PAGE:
Here is a parallel:

    Let is imagine that you disagree with eradicating civil liberties for the sake of security against terrorism. Then, the current administration comes out with a new Patriot Bill that removes those civil liberties, and proclaims that if the bill is not passed and the US is subsequently the victim of another large terrorist assault, martial law will need to be declared across the country with incumbent curfews and random identification checks. The bill is defeated, and a few months later NY is bombed with loss of hundreds or thousands of lives.

    Would it now be a sign of "unilateral moral disarmament" to protest martial law? Or more accurately, would the administration be immoral to change its stance?

    Yes, there is a lot of value in following through on one’s commitments. There is also a lot of value in recognizing and admitting that one has made a mistake. You think that the present administration’s current stance is correct – I, and many other people, strongly disagree.

    What’s ironic is that while the Bush administration constantly criticizes the Iraqi government (and other politically unpopular regimes) for ignoring the will of the majority of its citizens, it seems likely to ignore the will of the majority of US citizens if necessary in regards to this issue.

    And no, I am not in any way suggesting that the Bush administration is as bad a regime as Saddam Hussein’s.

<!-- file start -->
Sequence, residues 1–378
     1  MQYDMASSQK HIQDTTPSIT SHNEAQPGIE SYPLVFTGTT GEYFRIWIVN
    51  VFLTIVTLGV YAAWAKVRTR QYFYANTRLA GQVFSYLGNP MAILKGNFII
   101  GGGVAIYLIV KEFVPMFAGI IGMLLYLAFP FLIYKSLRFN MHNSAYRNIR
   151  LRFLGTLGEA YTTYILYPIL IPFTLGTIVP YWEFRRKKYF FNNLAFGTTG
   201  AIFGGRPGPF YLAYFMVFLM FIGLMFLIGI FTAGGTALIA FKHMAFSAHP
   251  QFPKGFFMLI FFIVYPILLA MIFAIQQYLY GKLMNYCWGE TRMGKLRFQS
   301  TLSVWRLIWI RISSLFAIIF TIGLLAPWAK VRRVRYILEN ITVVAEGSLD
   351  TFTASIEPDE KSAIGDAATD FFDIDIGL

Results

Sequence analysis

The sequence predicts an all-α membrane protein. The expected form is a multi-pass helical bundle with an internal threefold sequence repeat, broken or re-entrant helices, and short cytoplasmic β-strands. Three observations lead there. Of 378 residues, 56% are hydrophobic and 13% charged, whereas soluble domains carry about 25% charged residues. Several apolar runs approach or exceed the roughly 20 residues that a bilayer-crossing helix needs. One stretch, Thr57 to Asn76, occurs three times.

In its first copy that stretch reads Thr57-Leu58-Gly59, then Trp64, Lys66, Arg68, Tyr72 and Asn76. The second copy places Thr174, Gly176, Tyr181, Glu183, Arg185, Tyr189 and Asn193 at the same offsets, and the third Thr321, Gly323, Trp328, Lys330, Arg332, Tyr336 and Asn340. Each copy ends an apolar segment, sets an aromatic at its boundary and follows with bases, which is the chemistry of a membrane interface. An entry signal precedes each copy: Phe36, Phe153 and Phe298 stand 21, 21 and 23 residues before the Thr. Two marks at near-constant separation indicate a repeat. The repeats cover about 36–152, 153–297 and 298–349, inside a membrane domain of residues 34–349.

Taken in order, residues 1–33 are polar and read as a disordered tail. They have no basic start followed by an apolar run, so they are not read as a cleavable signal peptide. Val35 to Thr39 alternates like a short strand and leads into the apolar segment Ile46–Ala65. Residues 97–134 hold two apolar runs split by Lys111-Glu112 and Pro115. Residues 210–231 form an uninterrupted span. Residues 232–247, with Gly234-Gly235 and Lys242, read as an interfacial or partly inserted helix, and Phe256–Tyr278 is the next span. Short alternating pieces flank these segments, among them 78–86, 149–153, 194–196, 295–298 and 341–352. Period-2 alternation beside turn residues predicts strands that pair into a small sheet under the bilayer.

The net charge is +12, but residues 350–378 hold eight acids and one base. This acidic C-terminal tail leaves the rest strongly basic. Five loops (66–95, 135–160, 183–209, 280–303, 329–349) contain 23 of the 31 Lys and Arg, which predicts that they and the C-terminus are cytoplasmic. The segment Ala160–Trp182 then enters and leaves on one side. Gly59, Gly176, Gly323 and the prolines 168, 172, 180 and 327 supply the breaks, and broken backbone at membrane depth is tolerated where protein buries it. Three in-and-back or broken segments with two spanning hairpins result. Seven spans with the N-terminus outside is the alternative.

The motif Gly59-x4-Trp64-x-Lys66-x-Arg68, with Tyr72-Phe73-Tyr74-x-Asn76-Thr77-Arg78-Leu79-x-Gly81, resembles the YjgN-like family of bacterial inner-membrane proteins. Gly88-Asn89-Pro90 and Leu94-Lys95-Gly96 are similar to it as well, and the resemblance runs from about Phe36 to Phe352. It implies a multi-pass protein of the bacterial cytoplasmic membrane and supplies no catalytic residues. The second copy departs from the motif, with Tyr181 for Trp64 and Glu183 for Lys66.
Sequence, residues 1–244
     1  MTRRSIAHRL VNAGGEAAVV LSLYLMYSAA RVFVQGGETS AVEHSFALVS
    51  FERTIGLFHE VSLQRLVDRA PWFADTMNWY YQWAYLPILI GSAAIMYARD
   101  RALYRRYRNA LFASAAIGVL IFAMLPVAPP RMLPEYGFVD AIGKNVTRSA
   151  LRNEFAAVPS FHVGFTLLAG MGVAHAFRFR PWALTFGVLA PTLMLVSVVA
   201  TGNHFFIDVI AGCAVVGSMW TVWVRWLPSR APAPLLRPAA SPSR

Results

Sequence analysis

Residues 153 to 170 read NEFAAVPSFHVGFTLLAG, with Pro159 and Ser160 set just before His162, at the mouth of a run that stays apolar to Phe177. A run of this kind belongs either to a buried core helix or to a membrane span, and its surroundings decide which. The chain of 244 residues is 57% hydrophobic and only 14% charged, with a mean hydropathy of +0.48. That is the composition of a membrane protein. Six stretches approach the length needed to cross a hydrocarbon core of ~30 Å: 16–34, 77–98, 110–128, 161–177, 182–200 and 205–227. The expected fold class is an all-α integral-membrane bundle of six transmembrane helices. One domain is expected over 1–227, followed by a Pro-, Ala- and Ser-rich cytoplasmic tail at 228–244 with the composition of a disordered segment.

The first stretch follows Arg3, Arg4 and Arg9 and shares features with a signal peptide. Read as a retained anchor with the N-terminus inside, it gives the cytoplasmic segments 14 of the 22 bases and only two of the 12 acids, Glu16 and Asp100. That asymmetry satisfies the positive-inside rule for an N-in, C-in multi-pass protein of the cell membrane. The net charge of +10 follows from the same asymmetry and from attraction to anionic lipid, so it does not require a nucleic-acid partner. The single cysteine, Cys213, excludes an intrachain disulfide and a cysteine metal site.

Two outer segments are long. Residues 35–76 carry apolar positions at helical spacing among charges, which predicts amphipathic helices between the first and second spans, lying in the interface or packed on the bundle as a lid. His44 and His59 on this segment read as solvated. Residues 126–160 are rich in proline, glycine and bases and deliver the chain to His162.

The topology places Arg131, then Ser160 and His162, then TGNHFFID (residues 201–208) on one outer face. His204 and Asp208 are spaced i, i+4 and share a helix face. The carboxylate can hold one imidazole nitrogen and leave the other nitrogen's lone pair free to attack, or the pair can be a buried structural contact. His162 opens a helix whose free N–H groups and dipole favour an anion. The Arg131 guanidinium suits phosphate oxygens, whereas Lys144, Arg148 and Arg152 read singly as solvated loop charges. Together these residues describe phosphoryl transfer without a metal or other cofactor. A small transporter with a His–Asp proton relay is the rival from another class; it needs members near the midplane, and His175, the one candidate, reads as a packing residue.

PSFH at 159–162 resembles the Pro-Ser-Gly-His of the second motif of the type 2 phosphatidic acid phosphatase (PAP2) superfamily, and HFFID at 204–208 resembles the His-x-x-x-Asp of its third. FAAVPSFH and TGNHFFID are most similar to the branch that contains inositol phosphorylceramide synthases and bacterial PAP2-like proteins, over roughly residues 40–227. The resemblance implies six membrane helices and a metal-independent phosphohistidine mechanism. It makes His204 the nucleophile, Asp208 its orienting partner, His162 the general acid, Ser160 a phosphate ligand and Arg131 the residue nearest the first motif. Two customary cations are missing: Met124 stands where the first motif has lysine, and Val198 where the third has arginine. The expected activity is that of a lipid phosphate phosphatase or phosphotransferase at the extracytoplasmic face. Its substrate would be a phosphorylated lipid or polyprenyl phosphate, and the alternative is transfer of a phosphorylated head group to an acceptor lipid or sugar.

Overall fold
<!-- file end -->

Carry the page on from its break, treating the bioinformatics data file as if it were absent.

Can you do me a favor and state why you agree with military action against Iraq? Without linking to someone else’s argument, but instead in your own words?

    – Itea


  4. 4 4. Aaron Haspel

    Itea: You really don’t see the difference between threatening an enemy nation with force and not following through and reversing a policy when your own citizens complain? Really?

    Since you’ve accused me of employing political rhetoric in the past, let’s have a look at the rest of this. Saddam is not criticized for "ignoring the will of the majority of [Iraqi] citizens" but for rather more serious matters, like torturing Iraqi citizens and murdering Iraqi citizens and attacking Iraqi citizens with poison gas. In any case, whether the majority supports a war with Iraq depends on how you phrase the question. Also, don’t you find your analogy a trifle tendentious? Eradicating civil liberties? Martial law?

    Why do I support the war? Hussein has dangerous weapons now; he will have more dangerous weapons later. (He would have nuclear weapons if Israel hadn’t bombed his facility in 1981; I’m going to take a wild guess that you didn’t support that action either.) He refuses to disarm, and if we don’t get rid of him no one will. I have no confidence that he won’t use his weapons against us, or give them to someone who will. Do you?


  5. 5 5. Itea

    Point by point here…

    >Itea: You really don’t see the difference between threatening an >enemy nation with force and not following through and reversing a >policy when your own citizens complain? Really?

    If the topic is the ideology of not following through on a threat, then no. As far as the practical scope of the actions, they are different.

    Abstractly, I’d prefer that the US holds true to its stated principles. But the US backs down all the time; for example, they threaten retributional trade tariffs every so often, and most of the time there’s a compromised settlement.

    What if the US threatened to use nuclear weapons? What if they threatened to detonate a nuclear bomb over Baghdad if disarmament was not "proved"? Is there any extent to which you’d disagree?